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This podcast is a Q&A, but it’s a bit different from the kind you’ll typically find here on Muscle For Life.

In my usual Q&A episodes, I take a question from email or Instagram and then fully answer it in an episode of the podcast every week.

However, over on Instagram, I’ve started doing weekly Q&As in the stories, and it occurred to me that many podcast listeners might enjoy hearing these questions and my short answers. So, instead of talking about one thing in an episode, I’m going to cover a variety of questions. And keep in mind some of these questions are just for fun. 🙂

So if you want to ask me questions in my Instagram stories, follow me on Instagram (@muscleforlifefitness), and if I answer your question there, it might just make it onto an episode of the podcast!

If you like this type of episode, let me know. Send me an email ([email protected]) or direct message me on Instagram. And if you don’t like it, let me know that too or how you think it could be better.


0:00 – Want a free meal planning tool that figures out your calories, macros, micros, and allows you to create custom meal plans for cutting, lean gaining, and maintaining in under 5 minutes? Go to and download the tool for free! 

3:04 – What is the maximum amount of volume that can be done in a single workout? 

4:29 – What are your thoughts on the anti-work movement and people demanding more from their employers? 

5:55 – What are your hopes for 2022?

6:21 – How much do you have to maintain after reaching strength and physique goals? 

6:50 – What is the proper tempo for calf exercises? 

9:30 – Can you bulk for half the week and shred fat the other half? 

10:12 – What are some ways to workout calves at home? 

10:39 – Is there anything that can help speed up the healing of my wrist due to inflammation besides pausing workouts? Do you recommend any supplements? 

11:12 – Do you have to take your post workout shake within 30 minutes?

12:20 – How much meat can you eat daily?

13:39 – Is the new frosted cranberry pulse flavor good?

Mentioned on the Show:

Want a free meal planning tool that figures out your calories, macros, and micros, and allows you to create custom meal plans for cutting, lean gaining, and maintaining in under 5 minutes? Go to and download the tool for free!

What did you think of this episode? Have anything else to share? Let me know in the comments below!


Well, hello there and welcome to Muscle for Life. I’m Mike Matthews. Thank you for joining me today for the 11th installment in my q and a series where I give brief ish. Answers no more than a few minutes, which is hard for me because I like to talk, but brief ish answers to questions that I get asked over on Instagram.

So what I do is once a week, usually Mondays, I put up a story where I ask for questions. People submit lots of questions and I choose eh, 15 or so to answer there on Instagram. And then I also bring everything over here to the podcast. And so if you have questions for me, follow me over on Instagram at Muscle Live Fitness and look for the.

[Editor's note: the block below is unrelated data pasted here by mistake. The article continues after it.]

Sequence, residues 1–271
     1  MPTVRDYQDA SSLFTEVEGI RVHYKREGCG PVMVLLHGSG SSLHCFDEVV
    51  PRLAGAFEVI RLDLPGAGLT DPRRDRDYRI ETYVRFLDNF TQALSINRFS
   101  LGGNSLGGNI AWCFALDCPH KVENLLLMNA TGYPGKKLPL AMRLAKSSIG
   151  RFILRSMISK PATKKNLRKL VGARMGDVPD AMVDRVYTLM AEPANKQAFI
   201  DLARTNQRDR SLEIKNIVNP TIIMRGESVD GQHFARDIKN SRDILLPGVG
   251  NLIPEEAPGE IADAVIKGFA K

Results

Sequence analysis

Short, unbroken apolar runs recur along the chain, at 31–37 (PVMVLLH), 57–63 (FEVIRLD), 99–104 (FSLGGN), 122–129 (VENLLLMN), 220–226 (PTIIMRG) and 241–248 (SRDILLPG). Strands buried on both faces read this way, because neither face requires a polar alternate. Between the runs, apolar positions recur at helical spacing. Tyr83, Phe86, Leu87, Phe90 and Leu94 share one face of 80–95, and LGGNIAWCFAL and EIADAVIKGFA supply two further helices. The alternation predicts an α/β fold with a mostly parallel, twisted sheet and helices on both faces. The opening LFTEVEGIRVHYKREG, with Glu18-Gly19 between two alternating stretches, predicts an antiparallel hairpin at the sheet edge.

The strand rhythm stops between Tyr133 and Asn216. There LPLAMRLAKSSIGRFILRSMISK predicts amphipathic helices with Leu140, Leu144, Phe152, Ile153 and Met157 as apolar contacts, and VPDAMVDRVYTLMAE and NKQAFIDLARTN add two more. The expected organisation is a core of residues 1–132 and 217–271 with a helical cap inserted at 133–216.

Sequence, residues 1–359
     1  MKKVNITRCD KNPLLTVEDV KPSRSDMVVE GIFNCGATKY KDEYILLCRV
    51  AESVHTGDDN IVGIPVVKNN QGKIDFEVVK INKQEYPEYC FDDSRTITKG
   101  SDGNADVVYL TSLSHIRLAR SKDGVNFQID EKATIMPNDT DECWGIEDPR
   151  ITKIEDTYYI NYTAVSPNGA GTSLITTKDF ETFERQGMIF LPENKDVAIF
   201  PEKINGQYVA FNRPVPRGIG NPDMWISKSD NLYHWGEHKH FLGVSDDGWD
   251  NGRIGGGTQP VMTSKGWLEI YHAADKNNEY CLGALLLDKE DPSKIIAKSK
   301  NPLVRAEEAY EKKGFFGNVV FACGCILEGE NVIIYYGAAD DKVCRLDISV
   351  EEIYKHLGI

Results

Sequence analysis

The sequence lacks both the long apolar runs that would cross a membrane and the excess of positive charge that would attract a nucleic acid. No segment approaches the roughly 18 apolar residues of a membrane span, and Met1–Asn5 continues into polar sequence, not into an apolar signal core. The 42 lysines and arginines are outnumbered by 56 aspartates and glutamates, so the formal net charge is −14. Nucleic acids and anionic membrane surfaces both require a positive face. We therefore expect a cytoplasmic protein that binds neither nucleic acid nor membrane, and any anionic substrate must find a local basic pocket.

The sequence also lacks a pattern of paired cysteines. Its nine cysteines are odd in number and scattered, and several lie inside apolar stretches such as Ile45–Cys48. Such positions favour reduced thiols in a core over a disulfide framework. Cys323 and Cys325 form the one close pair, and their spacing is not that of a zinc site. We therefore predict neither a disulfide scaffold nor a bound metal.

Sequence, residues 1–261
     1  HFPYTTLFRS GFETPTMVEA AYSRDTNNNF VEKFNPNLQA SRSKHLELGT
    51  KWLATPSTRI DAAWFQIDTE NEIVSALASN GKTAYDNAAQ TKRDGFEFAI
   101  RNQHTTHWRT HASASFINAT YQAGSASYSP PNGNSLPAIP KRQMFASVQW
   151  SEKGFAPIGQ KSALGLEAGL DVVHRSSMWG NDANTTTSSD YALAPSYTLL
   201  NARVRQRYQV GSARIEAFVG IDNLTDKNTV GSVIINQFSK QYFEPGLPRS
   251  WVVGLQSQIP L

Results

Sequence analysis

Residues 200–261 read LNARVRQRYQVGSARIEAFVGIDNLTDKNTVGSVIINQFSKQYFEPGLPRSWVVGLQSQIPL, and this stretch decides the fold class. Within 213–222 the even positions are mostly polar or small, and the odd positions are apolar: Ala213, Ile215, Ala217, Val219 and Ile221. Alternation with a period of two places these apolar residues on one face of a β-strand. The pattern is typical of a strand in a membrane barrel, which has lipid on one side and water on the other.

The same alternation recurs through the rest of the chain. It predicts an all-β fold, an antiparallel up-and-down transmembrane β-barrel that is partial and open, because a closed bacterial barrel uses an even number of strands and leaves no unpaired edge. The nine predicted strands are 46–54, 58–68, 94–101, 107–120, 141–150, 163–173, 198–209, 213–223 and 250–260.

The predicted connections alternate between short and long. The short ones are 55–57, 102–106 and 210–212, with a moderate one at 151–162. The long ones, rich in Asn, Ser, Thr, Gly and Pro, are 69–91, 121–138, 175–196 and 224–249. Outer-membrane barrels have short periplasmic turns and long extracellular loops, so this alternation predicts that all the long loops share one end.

Ask me anything story again. It’s usually on Mondays, usually in the afternoon. ET and submit your questions. And if they are questions that a lot of other people are asking about or if they are questions that. I haven’t already answered many times before or that are just interesting to me, then there’s a good chance I will choose at least one of them.

And so in today’s episode, I will be answering questions about how much meat you can eat every day, how little training you can do to maintain a physique. So once you have. The body you want. How much exercise, how much training does it take to keep it post-workout protein, and should you be having it within a certain time period of finishing your workout?

And more. Before we get started, how would you like a free meal planning tool that figures out your calories, your macros, even your micros, and then allows you to create 100% custom meal plans for cutting, lean, gaining, or maintaining? In under five minutes. Well, all you gotta do is go to buy plan b u y plan and download the tool.

And if I may say, this tool really is fantastic. My team and I spent over six months on this thing working with an Excel wizard, and inferior versions of this are often sold for 50, 60, even a hundred dollars. Or you have to download an app and pay every month or sign up for a weight loss service and pay every month, 10, 20, 40, 50, even $60 a month for what is essentially in this free tool.

So if you are struggling to improve your body composition, if you are struggling to lose fat or gain muscle, the right. Meal plan can change everything. Dieting can go from feeling like running in the sand in a sandstorm to riding a bike on a breezy day down a hill. So again, if you want my free meal planning tool, go to buy plan b y plan.

Enter your email address and you will get instant access. Okay, let’s start with the first question, which comes from Joe D Wes, and he asks, what is the maximum amount of volume that can be done in a single workout? That’s a good question, and I’m gonna give a real simple answer. 10 to 12 hard sets. Per major muscle group and a hard set is a set taken close to muscular failure up or up to muscular failure depending on what type of exercise it is and what you are doing in your programming.